"Who Died?" follows, and with it's crescendoing viola line it may well be my favorite track on this album (the track that follows being a close second). Coupled with an ethereal-sounding arppegiated synth-line, and one of the more forceful and driving bass outros I've had the pleasure of hearing, this song really sends chills down the spine.

If "Who Died?'s" outro is an emotional ascension, "Mad at Nothing" is its zenith. Certainly the funkiest track on the album, "Mad at Nothing," if for its title only, really captures the spirit of Strangers With Me. There is a feeling of impudent rage that permeates throughout the narrative of these songs. From the anger and the drive that pushes the vamping repetition of the line "never learned shit, got stupider stupider," to the flailing rage that percolates from Mad at nothing, to the suffocating impotence of "Getting Sick for Real" and "This Place Where We Used to Play," there is an invisible force that torments the character of Strangers With Me.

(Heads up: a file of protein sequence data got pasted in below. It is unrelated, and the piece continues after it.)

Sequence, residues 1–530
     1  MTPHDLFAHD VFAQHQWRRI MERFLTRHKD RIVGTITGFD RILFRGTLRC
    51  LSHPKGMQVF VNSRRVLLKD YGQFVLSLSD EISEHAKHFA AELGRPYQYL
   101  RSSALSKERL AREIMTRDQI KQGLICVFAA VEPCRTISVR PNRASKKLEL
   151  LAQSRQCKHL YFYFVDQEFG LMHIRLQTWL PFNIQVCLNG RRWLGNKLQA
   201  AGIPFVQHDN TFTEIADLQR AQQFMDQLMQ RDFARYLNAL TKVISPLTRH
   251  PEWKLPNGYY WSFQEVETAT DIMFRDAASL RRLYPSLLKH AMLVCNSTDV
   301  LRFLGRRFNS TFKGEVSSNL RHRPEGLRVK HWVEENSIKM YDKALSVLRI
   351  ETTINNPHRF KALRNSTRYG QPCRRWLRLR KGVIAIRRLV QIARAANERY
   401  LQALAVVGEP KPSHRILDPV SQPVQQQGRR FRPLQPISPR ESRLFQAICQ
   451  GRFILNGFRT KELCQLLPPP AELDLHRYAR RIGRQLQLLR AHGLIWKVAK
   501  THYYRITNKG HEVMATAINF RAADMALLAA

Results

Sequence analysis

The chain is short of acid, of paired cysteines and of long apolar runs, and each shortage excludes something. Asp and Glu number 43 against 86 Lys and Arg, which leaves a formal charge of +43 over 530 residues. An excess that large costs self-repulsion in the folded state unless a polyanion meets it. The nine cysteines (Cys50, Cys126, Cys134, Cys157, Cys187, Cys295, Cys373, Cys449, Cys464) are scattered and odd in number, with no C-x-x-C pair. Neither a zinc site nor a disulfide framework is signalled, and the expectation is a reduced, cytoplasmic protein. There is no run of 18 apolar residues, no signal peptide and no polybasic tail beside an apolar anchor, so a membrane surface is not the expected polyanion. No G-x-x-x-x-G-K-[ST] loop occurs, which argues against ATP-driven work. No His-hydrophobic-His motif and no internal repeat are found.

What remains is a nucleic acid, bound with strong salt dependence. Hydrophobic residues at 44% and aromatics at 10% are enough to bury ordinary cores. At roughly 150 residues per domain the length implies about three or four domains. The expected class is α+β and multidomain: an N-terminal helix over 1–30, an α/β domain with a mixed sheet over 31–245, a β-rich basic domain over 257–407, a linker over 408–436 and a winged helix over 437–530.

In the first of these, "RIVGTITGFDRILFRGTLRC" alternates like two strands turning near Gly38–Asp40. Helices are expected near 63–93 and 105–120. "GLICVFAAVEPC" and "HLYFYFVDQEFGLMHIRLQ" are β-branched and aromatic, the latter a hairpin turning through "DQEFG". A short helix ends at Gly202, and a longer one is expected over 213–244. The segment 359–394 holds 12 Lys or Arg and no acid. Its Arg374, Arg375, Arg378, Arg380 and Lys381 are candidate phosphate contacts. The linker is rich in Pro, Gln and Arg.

All things considered, with its tumultuous layers of electronic sounds, Strangers With Me is an alluring and schizophrenic emotional ride. Peppered with rage, terror, loneliness and pure driven anguish Strangers With Me is a fascinatingly complicated album.

 

-Ada Lann

Note: Copies of Strangers With Me can be aquired at Business 80's CD release show, at El Rio on July 1st, or for free by contacting H.A. Eugene here.